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  13. Thanks, John. I had seen Paradise Road, but never realized the significance of one of its main characters. A worthy hero. lane

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  14. A true hero, John. I loved Tenko. If you visit ABC Wednesday home page, there is a wondeful lady (Reader Wil) who spent her childhood in one of the camps.She has no bitterness, she remembers how much her Mum loved her during that period.
    Jane x

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  15. What a wonderful tribute to your Aunt. I haven't seen Paradise Road, but I have seen Tenko several times and it is such an inspirational story of the worst and the best of humanity. Very moving post.

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  16. Broad!
    I think you mixed aunti glad with Margaret!! hey ho

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  17. Interesting to hear about this character, I'll look out for the books and film.

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  18. An interesting history lesson on something I knew next to nothing about. Thank you. I looked this up on Wikipedia and also learned about a nurse there named Vivian Bullwinkel who was quite an amazing person in her own right.

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  19. Bullwinkel was , as I recall the only survivor of the Japanese massacre of nurses on a beach in Indonesia.
    The japanese marched the women into the water and shot them from behind after killing the male soldiers they had been caring for.

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  20. Margaret Dryburgh was an amazing human being. Thank you John for the introduction...I feel your passion for these individuals. I feel the same way towards Nelson Mandela and what he continues to do for his people.
    War has and continues to bring out the worst in us humans.

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  21. It's incredible what people can become in horrendous circumstances. During WWII NZ's immediate threat was from Japan and there are still remnants of the coastal gun posts around the country. With the Japanese atrocities, it's understandable that a layer of our society - the old soldiers - has resented the planting of cherry blossom trees along Memorial Avenue or targeting Japnese Brides as wedding customers for the historic Nurses' Chapel. Yet Japanese culture has found its place here and my daughter takes sushi and anime for granted. Now we are grateful for the response of the Japanese search and rescue workers who came last February, and our hearts ache for the families who lost their children, newly arrived in Chch, to study English is a doomed building.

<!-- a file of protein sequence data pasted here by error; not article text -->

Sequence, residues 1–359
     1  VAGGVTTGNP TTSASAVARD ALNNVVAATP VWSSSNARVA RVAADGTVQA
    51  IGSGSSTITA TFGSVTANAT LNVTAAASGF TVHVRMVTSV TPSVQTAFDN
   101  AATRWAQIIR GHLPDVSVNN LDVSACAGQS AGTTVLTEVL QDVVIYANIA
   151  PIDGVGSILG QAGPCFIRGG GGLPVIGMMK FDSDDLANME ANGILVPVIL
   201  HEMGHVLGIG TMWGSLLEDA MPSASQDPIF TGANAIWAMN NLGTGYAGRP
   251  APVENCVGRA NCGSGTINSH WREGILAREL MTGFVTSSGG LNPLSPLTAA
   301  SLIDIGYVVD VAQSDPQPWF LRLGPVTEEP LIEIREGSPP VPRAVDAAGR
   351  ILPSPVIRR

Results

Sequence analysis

Thanks for the Captive's hymn, the pointer to Paradise Rd and the reminders about Tenko. The Captives' Hymn is very moving.

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  22. And just like that, I'm introduced to someone I have never heard of. Suddenly feeling very small.... Thank you, John, this movie is going on my must-watch list.

    (and thank you for visiting my place! I have read and enjoyed your comments on every post of Bloggertropolis-Steve's and visit your blog from time to time, I really appreciate your views of the world around you - Cheers!)

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  23. A real hero.
    Instead of an overpaid footballer. I do get so peeved when athletes are labelled heroes for simply doing what they are (very) well paid for.

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  24. I'm always fascinated by how people respond to extreme circumstances. Oh that I could rise to the occasion like a Margaret! I might be able to take charge of one of those thing (like the weekly newspaper) but ALL of them? She really is inspiring.

    Dxxx

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  25. I'm always fascinated by how people respond to extreme circumstances. Oh that I could rise to the occasion like a Margaret! I might be able to take charge of one of those thing (like the weekly newspaper) but ALL of them? She really is inspiring.

    Dxxx

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  26. My mother Jane Elgey née Reid was in the same camp as Margaret Dryburgh and remembers the Vocal Choir well, we both recently attended the Singing to Survive Concert in Chichester organised by Marge Caldicot, another child of a camp survivor.

    The story of the Vocal Choir and its members is a story of the strength of woman under extreme circumstances and its worth telling over and over again.

    Finally I believe that my mother and her family are also mentioned in Lavinia's book.

    regards

    Vince

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  27. https://youtu.be/WHJurply0wg